• • •

Vinik said being "straight with people" is the noblest trait he got from his parents, whom he called "incredible role models."

Funny, though ­— he never realized he had his stock-manager father's acumen for money management until he interned for him, programming purchases and sales into a computer.

"He never discussed it at home, so I never realized I had such an interest until I was in college" Vinik said. "It was at that time I learned that I liked it. As soon as I got out of school, I went right into the stock market."

But don't call Vinik stodgy. In fact, his playfulness is refreshing.

He and wife, Penny, take the family to Disney World every year so they can "spend a lot of time with the children," he said.

Vinik said he and Penny love their dinner conversations with their kids — Kyra, Danny, 19, Jared, 17, and Joshua, 9 — because "they're smart and they say intelligent things."

Despite growing up near Asbury Park, N.J., Vinik said he was too young to appreciate Bruce Springsteen at his peak. He is a Green Day fan, he said, and has its song Good Riddance (Time of Your Life) as his phone ring tone.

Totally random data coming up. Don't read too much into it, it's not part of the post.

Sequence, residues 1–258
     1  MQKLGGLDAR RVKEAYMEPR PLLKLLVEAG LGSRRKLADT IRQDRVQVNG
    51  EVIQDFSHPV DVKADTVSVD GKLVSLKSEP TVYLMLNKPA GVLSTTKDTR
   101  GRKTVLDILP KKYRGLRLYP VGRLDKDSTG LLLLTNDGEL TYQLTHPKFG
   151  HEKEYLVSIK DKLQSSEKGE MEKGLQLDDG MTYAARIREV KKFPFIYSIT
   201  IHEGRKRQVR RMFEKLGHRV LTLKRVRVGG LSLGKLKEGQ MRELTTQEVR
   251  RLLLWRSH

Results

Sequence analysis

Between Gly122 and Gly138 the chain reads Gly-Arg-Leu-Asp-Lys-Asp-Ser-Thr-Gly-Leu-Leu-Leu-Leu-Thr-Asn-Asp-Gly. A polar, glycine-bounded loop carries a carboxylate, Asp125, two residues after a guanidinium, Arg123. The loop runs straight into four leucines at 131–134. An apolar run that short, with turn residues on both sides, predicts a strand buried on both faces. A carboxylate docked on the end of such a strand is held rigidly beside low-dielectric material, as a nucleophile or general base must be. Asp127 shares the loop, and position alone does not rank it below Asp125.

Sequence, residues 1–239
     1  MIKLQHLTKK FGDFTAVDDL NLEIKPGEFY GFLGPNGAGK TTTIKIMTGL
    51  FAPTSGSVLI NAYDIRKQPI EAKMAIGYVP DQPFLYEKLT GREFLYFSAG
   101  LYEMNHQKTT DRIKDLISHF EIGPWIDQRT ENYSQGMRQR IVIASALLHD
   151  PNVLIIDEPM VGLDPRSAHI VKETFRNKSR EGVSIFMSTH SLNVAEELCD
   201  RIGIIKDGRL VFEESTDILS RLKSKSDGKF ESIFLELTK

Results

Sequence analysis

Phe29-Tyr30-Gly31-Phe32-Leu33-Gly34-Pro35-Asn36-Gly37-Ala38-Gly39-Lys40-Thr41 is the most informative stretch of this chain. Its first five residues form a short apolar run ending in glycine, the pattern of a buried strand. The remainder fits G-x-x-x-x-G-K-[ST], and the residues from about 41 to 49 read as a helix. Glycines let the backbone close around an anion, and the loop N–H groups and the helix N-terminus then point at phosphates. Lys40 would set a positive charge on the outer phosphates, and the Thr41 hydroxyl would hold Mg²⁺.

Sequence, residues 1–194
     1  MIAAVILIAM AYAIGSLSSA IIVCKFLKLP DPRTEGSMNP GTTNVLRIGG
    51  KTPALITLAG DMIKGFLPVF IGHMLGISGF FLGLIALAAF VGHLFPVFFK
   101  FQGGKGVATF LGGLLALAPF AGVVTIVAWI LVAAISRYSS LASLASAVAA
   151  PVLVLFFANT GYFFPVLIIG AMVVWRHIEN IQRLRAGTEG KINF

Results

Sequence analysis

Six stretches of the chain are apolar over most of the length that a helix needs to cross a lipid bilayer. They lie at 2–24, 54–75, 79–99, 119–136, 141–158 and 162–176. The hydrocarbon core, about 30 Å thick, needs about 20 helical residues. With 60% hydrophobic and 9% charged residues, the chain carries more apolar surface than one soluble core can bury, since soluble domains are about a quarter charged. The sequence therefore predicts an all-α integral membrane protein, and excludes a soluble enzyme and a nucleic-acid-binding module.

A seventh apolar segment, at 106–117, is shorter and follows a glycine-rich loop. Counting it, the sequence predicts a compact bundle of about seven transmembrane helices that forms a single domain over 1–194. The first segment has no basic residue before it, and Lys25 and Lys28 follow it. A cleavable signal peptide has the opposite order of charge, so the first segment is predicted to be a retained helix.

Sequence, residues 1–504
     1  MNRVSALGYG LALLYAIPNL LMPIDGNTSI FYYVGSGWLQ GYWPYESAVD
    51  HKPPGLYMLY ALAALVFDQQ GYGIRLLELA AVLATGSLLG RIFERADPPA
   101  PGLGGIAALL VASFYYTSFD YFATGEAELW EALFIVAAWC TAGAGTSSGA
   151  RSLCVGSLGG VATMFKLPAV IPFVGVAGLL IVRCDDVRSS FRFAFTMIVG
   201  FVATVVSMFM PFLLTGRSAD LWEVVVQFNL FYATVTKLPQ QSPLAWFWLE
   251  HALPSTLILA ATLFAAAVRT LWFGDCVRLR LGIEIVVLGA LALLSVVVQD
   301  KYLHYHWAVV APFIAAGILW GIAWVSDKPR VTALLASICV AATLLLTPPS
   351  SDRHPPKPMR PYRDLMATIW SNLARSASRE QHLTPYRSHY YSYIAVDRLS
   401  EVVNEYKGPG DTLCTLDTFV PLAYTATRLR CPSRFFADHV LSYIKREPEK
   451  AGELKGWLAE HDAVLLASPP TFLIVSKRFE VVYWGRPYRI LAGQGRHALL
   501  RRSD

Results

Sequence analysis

Considering his new venture, it could not be more appropriate.

Damian Cristodero can be reached at cristodero@sptimes.com.

FAST FACTS

The file on Jeffrey Vinik

. Birth date/place: March 22, 1959, Deal, N.J.

. Residence: Weston, Mass.

. Family: Wife, Penny; four children, Danny, 19, Jared, 17, Kyra, 16 and Joshua, 9

. Notable: Best known for managing the Fidelity Magellan mutual fund in the early 1990s. … After an ill-timed move out of stocks, he left Magellan in 1996 and started a highly successful hedge fund, Vinik Asset Management. He made investors a reported 93.8 percent return in his first 11 months (and about 50 percent a year for each of the three years after that). … At the end of 2000, he returned investors about $4.2 billion and concentrated on his portfolio. … A Phi Beta Kappa graduate of Duke's School of Engineering, he earned a bachelor of science degree in 1981. He received Duke's Distinguished Alumni Award in 1994. … He received a master's from Harvard Business School in 1985. He owns a minority interest in Major League Baseball's Boston Red Sox. … He purchased the Tampa Bay Lightning National Hockey League team Friday.

Hedge-fund manager Jeff Vinik buys Tampa Bay Lightning 02/05/10 [Last modified: Friday, February 5, 2010 11:45pm]